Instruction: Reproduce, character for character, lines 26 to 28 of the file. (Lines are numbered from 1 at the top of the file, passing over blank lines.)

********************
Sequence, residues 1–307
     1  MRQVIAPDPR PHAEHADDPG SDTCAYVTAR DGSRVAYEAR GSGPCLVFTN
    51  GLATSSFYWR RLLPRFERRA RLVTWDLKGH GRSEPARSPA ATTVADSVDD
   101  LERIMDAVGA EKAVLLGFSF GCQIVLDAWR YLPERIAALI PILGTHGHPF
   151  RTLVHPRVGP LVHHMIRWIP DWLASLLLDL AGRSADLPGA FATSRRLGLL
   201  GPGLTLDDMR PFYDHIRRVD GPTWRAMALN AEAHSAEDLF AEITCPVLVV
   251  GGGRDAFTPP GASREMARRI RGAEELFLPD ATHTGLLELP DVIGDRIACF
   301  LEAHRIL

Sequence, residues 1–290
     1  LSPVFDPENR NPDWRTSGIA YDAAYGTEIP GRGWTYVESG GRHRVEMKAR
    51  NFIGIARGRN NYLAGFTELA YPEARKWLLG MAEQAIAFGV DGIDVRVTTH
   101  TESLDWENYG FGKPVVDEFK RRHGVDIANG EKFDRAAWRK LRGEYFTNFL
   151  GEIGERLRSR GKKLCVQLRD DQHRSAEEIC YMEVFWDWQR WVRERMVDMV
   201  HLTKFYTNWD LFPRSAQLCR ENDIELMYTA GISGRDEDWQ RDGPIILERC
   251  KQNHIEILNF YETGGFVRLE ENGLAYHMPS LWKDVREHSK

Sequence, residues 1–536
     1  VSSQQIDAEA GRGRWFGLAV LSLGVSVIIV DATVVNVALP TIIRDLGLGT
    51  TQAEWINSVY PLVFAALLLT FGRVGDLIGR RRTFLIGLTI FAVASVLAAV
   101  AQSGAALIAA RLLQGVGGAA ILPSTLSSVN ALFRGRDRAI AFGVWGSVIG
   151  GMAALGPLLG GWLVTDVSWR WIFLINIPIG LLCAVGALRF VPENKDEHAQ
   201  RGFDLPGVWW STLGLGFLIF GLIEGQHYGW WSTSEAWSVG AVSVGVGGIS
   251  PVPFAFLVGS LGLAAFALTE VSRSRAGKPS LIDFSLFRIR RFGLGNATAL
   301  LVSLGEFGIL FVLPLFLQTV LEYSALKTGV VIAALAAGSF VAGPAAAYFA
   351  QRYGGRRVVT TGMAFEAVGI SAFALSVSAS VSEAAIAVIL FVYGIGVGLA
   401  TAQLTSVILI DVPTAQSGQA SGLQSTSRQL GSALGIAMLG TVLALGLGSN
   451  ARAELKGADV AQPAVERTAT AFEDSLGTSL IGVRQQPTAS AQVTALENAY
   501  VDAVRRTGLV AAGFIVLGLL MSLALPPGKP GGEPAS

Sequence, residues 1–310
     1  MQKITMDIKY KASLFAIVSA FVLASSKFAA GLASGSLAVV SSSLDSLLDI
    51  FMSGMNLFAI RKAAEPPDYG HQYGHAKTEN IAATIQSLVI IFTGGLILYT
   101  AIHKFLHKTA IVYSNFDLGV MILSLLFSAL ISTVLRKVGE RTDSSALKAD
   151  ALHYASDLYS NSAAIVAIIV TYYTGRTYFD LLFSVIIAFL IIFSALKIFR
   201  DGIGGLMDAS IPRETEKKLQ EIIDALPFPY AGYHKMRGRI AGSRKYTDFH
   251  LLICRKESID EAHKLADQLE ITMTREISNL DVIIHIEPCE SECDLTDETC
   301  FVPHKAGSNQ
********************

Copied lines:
   451  ARAELKGADV AQPAVERTAT AFEDSLGTSL IGVRQQPTAS AQVTALENAY
   501  VDAVRRTGLV AAGFIVLGLL MSLALPPGKP GGEPAS

Sequence, residues 1–310